Peter Robinson, newly appointed editor of Wheels magazine was one of the HQ’s most vocal and disappointed critics. He knew that here was a great car spoiled. His road test of the gorgeously styled Monaro LS was headed: ‘Tragedy of a stylist’s dream’ and opens thus:
This story has been giving me a considerable heartache. All weekend I sat and pondered how to write it. The problem is: how do I tell it like it is without appearing vindictive towards GMH? Would strong criticism of yet another HQ Holden suggest bias?
So Robinson was greatly encouraged when he drove a Kingswood 253 V8 on Michelin ZXs at 28 psi all round: ‘…it was by far the most neutral handling HQ Holden we have driven and could be set up for very quick cornering without worrying about the front end ploughing off the road…’
He contrasted this Kingswood with a GTS 308 V8 four-speed Monaro driven during the same period:
On paper most enthusiasts would have picked the Monaro as being by far the better car. Not so. The Kingswood was more comfortable, almost as quick in a straight line, handled better and was at least as good in the roadholding department. It was pleasant to drive and astonishingly quiet with an excellent ride on all but the roughest roads.
The conclusion? ‘Good tyres, disc brakes and automatic transmission, even for the 202 engine, make all the difference.’
Probably no other automotive manufacturing company in the world boasted as many variants all built on the one platform as the HQ. There were sedans, coupes, wagons, utes, the One Tonner truck and limousines. Their longer wheelbase made the wagons even more versatile than their predecessors.
One standout HQ was the Belmont-based SS, released in August 1972. This was a bargain-priced sports sedan testing the market for the forthcoming GTS/4 Monaro sedans.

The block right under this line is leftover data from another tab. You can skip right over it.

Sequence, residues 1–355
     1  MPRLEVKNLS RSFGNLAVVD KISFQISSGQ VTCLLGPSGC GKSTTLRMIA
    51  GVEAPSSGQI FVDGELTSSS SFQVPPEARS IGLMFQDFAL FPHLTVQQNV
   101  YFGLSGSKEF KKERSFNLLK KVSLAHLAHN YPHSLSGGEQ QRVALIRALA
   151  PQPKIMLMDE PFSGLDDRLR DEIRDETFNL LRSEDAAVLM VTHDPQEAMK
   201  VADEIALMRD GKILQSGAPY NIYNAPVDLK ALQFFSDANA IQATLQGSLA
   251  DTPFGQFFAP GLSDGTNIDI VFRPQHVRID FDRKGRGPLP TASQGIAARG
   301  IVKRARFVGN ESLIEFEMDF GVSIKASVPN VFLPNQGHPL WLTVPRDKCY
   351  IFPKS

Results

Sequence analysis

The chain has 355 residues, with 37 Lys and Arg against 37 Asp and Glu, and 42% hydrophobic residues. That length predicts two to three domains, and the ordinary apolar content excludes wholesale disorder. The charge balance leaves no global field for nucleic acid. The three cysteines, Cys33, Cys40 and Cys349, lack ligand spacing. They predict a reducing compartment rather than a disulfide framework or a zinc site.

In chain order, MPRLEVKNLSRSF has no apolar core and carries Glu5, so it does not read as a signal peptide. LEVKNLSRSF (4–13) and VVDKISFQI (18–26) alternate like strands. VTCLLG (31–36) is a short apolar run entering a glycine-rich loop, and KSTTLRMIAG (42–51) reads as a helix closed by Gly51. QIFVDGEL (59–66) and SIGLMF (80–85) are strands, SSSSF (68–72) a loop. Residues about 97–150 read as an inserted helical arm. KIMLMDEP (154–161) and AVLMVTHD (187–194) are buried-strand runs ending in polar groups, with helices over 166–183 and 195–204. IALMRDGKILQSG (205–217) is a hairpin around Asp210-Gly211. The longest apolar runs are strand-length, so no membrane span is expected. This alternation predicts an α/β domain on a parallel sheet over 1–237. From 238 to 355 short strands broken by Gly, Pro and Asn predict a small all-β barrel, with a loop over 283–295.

The HQ Holden was brilliant in several ways. Yes, the ride was superb and it took the rough with the smooth better than any other car with the exception of the Peugeot 504. And, like the 504, the HQ Holden was enormously rugged.
As the HQ racing series showed, it was not all that difficult to make these Holdens handle in a tidy fashion. The irony is that all that racing accounted for a very high percentage of surviving HQs.
History has largely rehabilitated the HQ. In the classic car market, sharp dynamics rarely count. Instead, the car’s beauty and the fact that it embodies the Australian automotive industry operating in its prime with all the economies of scale that entailed, see it more highly sought after than the models preceding it and coming afterwards.
1971 Holden HQ kingswood sedan
BODY: Four-door steel-monocoque sedan
KERB WEIGHT: 1338kg
ENGINE: 3298cc (202ci) pushrod OHV inline-6 – 173ci six, 253ci/308ci/350ci V8 options
TRANSMISSION: 3-speed column-shift manual. 4-sp man and 3-sp auto optns.
SUSPENSION: Ind – coil spring, unequal length arms, stab. bar, tube shocks (f) Live axle – coils, four-links, tube shocks (r)
BRAKES: Drums (f/r) – frt discs option
POWER: 100.5kW (60hp) @ 4400rpm
TORQUE: 263Nm @ 2000rpm